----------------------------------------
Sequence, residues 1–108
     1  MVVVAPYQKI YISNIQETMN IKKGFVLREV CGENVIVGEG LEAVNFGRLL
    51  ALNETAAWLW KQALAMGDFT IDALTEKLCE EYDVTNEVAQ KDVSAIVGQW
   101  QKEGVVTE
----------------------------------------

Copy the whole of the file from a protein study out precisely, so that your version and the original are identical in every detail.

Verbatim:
Sequence, residues 1–108
     1  MVVVAPYQKI YISNIQETMN IKKGFVLREV CGENVIVGEG LEAVNFGRLL
    51  ALNETAAWLW KQALAMGDFT IDALTEKLCE EYDVTNEVAQ KDVSAIVGQW
   101  QKEGVVTE